The Rockefeller and Rothschild [Ref. 3, pp. 1-3; Ref. 2, p. 24] enterprises collaborated in the founding of the Bilderberg Group as a way for the “movers and shakers” of the various countries to get together and discuss outstanding world problems with a minimum of governmental red tape and publicity. David Rockefeller, now a nonagenerian, has devoted much of his time to the development of the Bilderbergers. He and Evelyn Rothschild are present at most conferences. Representatives from postwar Germany are perhaps the third (after the US and UK) most important supporters of the Group. In the early days of the Group Dr. Hermann Josef Abs, formerly on the board of directors of I.G. Farben, Daimler-Benz, and Siemens as well as being chairman of the Deutschebank, was a major player. Other regular attendees: Henry Kissinger, Queen Beatrix of the Netherlands, Vernon Jordan, Lord Peter Carrington, Henry F.Heinz II, Nelson Rockefeller, and others.
Among the prominent political figures who, like perennial and annual flowers, regularly or only occasionally attend Bilderberg confererences are the heads of foreign governments; US Secretaries of State, Vice Presidents, Senators, etc. No sitting US President may attend, but they may send a representative in their place. Once out of office former presidents may take a more active role, and do so. Thus, for example, ex-president Ford was associated with the Bilderbergers, ex-president Carter with the Trilateralists, Bush the Elder with the Trilateralists, and Clinton with the Bilderbergers. Other more controversial political figures like Neocons Richard Perle, Douglas Feith, and Paul Wolfowitz attend quite often. [Ref. 3, p. 205]
The Trilateral Commission, which is a second sister organization, is also a non-governmental, non-partisan discussion group. It was founded by David Rockefeller in July 1973 to foster closer cooperation between North America, Western Europe, and Japan. Zbigniew Brsezinski, National Security Advisor to President Jimmy Carter from 1977 to 1981, and a professor at Columbia University helped organize the group. Its officers are Joseph S. Nye, Jr. (North American chairman); Yasuchika Hasegawa (Pacific Asian chairman); and Jean-Claude Trichet (European chairman).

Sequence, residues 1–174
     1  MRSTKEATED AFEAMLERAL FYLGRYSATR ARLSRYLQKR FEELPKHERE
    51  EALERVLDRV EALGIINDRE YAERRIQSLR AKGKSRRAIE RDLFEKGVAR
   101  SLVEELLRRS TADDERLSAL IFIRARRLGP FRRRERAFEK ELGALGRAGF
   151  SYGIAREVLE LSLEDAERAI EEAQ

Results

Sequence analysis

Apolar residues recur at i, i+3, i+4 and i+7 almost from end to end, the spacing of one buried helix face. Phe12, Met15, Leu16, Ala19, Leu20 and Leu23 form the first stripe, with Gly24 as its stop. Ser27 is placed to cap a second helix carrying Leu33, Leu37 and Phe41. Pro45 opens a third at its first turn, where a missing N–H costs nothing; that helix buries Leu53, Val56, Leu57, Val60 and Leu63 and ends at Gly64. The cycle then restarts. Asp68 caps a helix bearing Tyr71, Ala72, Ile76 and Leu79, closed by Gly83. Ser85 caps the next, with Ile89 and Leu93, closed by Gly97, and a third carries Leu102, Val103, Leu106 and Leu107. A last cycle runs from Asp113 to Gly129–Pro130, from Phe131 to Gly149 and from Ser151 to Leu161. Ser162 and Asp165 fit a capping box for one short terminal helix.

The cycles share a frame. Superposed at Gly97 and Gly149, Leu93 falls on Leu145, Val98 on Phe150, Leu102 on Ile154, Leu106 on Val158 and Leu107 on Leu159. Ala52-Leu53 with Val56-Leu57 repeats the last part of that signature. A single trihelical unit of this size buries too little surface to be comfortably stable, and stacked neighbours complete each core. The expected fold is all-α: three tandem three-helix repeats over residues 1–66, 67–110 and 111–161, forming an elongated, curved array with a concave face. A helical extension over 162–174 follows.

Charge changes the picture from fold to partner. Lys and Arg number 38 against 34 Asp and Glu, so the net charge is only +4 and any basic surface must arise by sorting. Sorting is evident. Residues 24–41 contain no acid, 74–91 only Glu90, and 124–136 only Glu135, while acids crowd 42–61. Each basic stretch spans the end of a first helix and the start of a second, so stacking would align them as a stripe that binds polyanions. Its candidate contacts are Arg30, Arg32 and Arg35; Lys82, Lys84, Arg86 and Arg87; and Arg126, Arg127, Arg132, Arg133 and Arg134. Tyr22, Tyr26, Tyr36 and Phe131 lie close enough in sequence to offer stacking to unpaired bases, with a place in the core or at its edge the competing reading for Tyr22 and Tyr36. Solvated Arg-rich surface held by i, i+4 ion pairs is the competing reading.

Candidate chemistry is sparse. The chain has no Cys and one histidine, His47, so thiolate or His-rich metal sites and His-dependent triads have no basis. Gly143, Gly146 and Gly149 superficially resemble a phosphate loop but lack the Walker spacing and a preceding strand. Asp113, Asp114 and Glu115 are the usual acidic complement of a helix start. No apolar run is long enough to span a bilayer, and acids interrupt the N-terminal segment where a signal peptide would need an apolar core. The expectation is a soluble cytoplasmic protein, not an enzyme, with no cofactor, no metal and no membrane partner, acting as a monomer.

The mission of the third sister organization, the Council on Foreign Relations (CFR), is to be “a support resource for its members, government officials, business executives, journalists, educators and students and other interested citizens in order to help them better understand the world and the foreign policy choices facing the United States and other countries”. The CFR promotes globalizaion, free trade, reducing financial regulations on transnational corporations, and economic consolidation into regional blocs such as NAFTA or the European Union, and develops policy recommendations that reflect these goals.
The CFR’s think tank, the David Rockefeller Studies Program, is composed of about fifty adjunct and full-time scholars, as well as ten in-residence recipients of year-long fellowships, who cover the major regions and significant issues shaping today’s international agenda. These scholars contribute to the foreign policy debate by making recommendations to the presidential administration, testifying before Congress, serving as a resource to the diplomatic community, interacting with the media, authoring books, reports, articles, and op-eds on foreign policy issues. Its views reach the general public through its journal Foreign Affairs.
Its officers include: Carla A. Hills (Co-Chairman), Robert E. Rubin (Co- Chairman), David M. Rubenstein (Vice Chairman), Richard N. Haass (President), Madeleine Albright, Tom Brokaw, Fareed Zakaria, and others.